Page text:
Do visitors using your site search module convert well or not at all? Your site search is a great, extra navigation doorway for your website visitors, don’t neglect it and optimize instead!
You do want to show your visitors great result pages so that they are able to perform their desired action.
Besides this your site search brings up a wealth of information you can use to structure your website in the perfect way.
8. Search Keyword
Both for your organic and paid keywords, it is important to look into conversion segmentation.
What are your winners and what are your losers?
I like to bring up a case of one of my affiliate websites in the health and fitness niche. The focus is on growing organic traffic and conversions.
Actually, this site is a big winner after the last Panda 4.0 update. I must be doing something good; traffic has been doubled since then. :-)
Ok, back to the important stuff.
My main goal of this particular website is driving traffic to Amazon. As it perfectly fits a “hot” product niche, many visitors are willing to buy products on Amazon.
I have compared two groups of visitors:
- First group of visitors that land on my website with a query including “best”.
- The other segment consists of visitors arriving on my website without a query including “best”
When excluding the (not provided) group in Google Analytics the data looks as follows:
Segment one – without best
Segment two – with best
And what do we see here? Seach queries that contain “best” are outperforming the other queries by far.
- With “best”: 27% CR (clicks to Amazon)
- Without “best”: 16% CR (clicks to Amazon)
This tells me a lot about the intent of specific visitors and certainly does help me with future plans on expanding and optimizing this website.
9. Day of the Week
In general – it is risky to make this kind of a statement – Monday is the top conversion performing day in many niches.
Well, take a look at your figures and see whether your brand visibility should be adapted during the course of the week.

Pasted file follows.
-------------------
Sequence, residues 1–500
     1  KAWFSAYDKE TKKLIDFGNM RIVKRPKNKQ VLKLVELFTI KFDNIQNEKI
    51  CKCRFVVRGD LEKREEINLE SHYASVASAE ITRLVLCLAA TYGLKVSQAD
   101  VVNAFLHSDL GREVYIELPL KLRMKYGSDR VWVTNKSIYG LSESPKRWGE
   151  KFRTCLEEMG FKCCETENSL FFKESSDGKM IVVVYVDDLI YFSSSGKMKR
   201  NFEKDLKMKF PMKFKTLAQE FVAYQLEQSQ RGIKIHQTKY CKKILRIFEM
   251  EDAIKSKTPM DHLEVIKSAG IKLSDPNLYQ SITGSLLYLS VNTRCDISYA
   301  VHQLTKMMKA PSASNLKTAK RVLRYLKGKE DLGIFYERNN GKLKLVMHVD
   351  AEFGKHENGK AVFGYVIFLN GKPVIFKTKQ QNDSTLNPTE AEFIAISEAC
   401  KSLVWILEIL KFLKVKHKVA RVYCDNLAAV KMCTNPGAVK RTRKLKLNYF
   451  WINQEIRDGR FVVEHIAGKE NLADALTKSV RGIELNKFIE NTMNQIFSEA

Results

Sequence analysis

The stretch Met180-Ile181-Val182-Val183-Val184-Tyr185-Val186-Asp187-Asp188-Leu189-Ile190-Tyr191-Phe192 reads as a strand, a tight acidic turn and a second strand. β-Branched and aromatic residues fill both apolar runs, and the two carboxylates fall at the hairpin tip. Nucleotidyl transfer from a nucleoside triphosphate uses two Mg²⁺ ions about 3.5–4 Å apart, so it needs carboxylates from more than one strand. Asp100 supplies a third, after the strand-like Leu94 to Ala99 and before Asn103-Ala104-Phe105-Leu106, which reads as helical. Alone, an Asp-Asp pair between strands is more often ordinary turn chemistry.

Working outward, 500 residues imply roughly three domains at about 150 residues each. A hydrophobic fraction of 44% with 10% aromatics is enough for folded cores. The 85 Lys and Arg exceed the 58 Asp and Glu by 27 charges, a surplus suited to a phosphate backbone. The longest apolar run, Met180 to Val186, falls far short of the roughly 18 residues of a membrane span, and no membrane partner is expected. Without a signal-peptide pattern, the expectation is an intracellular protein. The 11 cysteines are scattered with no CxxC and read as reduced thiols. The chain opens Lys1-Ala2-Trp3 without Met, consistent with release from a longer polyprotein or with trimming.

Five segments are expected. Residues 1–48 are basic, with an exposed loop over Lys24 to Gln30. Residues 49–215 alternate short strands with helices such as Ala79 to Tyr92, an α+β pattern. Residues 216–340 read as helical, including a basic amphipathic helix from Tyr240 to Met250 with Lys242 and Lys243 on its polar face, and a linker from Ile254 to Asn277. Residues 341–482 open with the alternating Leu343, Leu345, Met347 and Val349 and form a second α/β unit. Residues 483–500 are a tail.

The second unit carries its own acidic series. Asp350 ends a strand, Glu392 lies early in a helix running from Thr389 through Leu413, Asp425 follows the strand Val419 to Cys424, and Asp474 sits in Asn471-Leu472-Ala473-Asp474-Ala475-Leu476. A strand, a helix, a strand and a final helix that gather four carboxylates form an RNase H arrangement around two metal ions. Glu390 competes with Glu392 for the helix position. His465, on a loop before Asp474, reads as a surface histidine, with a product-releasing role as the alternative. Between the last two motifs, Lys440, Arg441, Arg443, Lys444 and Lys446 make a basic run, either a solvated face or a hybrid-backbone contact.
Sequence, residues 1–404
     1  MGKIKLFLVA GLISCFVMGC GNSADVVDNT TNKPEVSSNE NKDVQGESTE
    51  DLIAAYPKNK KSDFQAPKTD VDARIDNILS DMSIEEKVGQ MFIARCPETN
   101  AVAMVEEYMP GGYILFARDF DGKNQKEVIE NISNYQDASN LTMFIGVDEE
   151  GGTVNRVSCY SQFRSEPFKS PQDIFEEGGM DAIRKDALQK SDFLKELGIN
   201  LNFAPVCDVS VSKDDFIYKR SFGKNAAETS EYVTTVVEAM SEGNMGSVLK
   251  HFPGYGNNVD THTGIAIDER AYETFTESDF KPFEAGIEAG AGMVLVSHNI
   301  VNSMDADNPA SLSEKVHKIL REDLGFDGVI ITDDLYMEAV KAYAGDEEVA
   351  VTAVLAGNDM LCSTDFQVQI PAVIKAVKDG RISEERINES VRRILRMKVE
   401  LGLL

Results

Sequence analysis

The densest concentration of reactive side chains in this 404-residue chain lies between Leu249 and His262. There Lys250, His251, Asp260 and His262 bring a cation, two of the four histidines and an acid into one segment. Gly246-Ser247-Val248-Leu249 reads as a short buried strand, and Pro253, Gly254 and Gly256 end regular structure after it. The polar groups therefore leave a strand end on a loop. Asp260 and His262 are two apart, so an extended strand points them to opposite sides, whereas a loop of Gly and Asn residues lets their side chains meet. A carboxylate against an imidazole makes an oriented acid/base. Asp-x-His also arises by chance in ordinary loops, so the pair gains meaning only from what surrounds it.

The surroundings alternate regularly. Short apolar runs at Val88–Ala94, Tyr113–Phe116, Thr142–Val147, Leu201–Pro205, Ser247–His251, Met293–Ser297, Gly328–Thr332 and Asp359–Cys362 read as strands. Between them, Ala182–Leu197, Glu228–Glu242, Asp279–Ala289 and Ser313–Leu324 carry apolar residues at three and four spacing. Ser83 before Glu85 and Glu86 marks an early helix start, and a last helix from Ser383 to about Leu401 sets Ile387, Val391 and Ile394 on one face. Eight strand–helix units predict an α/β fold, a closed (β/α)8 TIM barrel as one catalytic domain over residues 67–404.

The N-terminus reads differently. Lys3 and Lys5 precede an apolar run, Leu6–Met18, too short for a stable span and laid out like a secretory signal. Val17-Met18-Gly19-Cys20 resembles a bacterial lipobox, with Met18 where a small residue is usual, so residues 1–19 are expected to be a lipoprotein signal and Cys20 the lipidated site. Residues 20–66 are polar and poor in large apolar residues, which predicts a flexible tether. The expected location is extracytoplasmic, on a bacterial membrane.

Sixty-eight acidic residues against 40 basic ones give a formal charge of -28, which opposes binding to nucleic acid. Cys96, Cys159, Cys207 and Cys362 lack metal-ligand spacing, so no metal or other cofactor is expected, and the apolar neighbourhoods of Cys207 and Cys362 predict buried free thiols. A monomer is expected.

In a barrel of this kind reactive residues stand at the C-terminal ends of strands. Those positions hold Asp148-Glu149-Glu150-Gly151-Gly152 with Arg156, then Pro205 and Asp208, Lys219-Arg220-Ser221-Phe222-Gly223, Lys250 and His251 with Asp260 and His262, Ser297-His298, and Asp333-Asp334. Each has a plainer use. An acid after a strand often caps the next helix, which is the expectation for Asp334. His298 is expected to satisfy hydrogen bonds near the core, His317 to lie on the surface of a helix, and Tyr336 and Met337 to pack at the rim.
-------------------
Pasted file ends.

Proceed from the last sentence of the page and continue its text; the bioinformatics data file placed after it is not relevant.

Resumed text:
Take into account that this is not an easy one. On some days people might be searching more and find your website. On other days they might decide to buy.
However, it is still worth to know more about the behavior on specific weekdays and compared to the weekend.
10. Frequency and Recency
If you are familiar with data analysis, you know it’s better not to focus on averages. Instead, look at the distribution of data segments.
Last but not least, try to understand how visitors interact with your website.
Do your visitors convert better if they pay you one visit, two visits, three visits or…? Do they take one day to convert or maybe even longer than a month?
Are there ways to persuade visitors to directly buy your products? This without them leaving your site and doing a competitor comparison first. If they find them better, you might lose a potential customer!
Thanks for staying with me to the end. I really hope these conversion segmentation tips help you to increase your segmented and overall website conversion!
If you want to know more about segments in Google Analytics, I welcome you to read my segments guest post on Online-Behavior.com.
Well, I am more than happy to hear your thoughts!One last thing... Make sure to get my extensive checklist for your Google Analytics setup. It contains 50+ crucial things to take into account when setting up Google Analytics.